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Banded crane. Photo credit: Dave Krueper, USFWS.

Sandhill Crane Research at Bernardo Waterfowl Management Area

We’re here today because of cranes and corn,” said Dan Collins, a Migratory Bird Coordinator with the U.S. Fish and Wildlife Service, standing in a heated garage on a chilly December morning. Dan, along with researchers from New Mexico State University, is preparing to spend a day capturing, banding and attaching GPS transmitters to sandhill cranes at Bernardo Waterfowl Management Area, a state-owned refuge located in the Middle Rio Grande Valley of New Mexico.

This effort is part of ongoing research to understand the relationship between the Rocky Mountain Population of greater sandhill cranes, a migratory bird species once threatened with extinction, and corn, a prolific cash crop planted throughout bird’s U.S. range. Wintering populations of sandhill cranes utilize corn within the Middle Rio Grande Valley as a winter food source; yet, the overall importance of corn versus other native food plants is not well understood.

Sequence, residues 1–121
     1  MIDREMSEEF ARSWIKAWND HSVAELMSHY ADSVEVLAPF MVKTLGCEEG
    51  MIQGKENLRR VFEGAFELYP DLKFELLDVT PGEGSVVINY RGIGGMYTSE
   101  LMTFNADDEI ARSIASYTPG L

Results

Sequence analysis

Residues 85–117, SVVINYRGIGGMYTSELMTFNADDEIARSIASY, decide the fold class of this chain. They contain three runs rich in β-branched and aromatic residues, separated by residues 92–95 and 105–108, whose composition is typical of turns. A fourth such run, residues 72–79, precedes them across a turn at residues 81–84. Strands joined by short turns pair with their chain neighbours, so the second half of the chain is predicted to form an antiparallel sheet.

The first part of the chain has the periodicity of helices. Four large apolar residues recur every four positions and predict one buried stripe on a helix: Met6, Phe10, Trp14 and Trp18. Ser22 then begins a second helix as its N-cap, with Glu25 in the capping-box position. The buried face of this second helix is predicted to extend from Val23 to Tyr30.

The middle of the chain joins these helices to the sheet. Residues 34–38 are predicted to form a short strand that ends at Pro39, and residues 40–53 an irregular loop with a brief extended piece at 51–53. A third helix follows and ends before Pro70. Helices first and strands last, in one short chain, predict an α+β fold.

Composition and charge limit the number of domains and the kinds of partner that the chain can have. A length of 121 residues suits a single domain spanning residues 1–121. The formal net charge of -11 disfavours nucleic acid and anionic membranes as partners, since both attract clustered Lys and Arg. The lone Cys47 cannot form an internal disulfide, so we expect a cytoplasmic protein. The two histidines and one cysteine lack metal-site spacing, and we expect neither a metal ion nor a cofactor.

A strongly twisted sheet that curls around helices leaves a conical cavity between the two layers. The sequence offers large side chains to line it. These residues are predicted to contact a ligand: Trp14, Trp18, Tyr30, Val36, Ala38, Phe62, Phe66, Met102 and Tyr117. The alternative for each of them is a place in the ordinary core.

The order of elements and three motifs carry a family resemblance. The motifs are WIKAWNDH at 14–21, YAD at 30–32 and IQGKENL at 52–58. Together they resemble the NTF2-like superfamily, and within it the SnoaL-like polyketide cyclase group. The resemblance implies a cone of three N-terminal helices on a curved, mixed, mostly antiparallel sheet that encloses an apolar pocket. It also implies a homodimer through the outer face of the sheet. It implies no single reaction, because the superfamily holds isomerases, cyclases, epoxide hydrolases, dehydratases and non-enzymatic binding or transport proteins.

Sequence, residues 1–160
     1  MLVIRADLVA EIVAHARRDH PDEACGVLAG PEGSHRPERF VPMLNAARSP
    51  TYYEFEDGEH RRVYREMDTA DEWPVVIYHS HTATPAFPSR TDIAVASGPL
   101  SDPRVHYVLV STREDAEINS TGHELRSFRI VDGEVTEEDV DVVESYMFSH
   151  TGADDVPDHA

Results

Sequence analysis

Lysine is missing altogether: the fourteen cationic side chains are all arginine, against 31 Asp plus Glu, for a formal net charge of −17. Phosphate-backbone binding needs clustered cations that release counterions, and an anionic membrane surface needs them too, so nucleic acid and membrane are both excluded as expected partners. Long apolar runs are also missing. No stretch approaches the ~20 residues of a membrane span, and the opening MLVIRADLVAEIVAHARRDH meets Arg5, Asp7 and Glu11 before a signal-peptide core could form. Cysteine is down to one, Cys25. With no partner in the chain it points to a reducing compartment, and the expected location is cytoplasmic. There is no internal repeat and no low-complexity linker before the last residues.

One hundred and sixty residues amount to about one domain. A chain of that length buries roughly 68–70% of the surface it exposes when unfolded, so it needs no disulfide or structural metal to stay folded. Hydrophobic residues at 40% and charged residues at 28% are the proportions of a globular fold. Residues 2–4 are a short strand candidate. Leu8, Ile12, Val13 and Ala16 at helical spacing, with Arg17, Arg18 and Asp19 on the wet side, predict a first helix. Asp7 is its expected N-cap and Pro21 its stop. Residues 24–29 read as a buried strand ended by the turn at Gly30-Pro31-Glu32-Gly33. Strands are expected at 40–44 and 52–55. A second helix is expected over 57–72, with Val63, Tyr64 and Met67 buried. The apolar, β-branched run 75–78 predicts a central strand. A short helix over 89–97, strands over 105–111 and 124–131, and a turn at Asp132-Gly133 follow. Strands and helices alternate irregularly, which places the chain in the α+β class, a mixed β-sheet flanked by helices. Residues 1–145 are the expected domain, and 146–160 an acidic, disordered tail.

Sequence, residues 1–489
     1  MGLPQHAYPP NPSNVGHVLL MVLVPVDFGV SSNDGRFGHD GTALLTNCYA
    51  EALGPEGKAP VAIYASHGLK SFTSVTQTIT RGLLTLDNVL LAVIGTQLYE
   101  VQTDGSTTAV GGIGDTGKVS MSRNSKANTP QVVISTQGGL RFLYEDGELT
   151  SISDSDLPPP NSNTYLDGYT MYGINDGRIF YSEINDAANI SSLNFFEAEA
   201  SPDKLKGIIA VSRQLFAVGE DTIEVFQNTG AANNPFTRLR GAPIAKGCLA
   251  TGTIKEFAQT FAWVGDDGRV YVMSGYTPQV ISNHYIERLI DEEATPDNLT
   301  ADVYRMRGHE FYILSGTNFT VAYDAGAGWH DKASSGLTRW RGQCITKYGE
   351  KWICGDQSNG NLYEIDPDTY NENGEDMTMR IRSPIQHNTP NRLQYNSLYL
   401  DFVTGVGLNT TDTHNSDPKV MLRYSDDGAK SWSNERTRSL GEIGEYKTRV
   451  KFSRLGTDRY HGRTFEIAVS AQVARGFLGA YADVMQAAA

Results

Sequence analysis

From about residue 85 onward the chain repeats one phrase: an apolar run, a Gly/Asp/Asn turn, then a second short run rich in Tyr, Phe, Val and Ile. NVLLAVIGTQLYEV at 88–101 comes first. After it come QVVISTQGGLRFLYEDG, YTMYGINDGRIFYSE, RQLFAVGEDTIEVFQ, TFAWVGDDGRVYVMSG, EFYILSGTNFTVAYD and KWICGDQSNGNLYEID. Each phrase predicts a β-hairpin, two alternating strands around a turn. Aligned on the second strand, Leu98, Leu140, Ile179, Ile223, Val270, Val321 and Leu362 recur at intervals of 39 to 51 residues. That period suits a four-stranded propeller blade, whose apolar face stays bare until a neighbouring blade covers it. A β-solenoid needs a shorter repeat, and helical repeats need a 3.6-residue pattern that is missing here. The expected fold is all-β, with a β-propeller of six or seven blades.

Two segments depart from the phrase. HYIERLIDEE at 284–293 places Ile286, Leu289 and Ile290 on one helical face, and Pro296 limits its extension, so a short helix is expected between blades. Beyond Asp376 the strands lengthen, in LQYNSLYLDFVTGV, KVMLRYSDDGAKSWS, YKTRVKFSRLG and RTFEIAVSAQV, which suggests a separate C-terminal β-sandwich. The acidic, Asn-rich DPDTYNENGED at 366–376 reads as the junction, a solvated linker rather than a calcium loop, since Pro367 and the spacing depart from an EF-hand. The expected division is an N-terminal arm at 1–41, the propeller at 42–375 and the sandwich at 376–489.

Measuring the length of a crane head. Photo credit: Bob Murphy, USFWS.

At the same time, researchers are trying to understand the full annual cycle of sandhill cranes—identifying breeding areas, migration timing, and habitat selection, and estimating the resources necessary to support wintering populations of cranes in the valley. Combined, the information gathered from these research projects will inform and drive management decisions about how and where to invest in conservation for the species.

Other partners on the project include the Intermountain West Joint Venture, New Mexico Department of Game and Fish, Idaho Fish and Game, and Colorado Parks & Wildlife. Watch a video of researchers from the Service and NMSU trap and band a group of sandhill cranes.

For more, information, visit 

https://newscenter.nmsu.edu/Articles/view/11631/nmsu-student-professor-study-sandhill-crane-ecology

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Last updated: January 31, 2018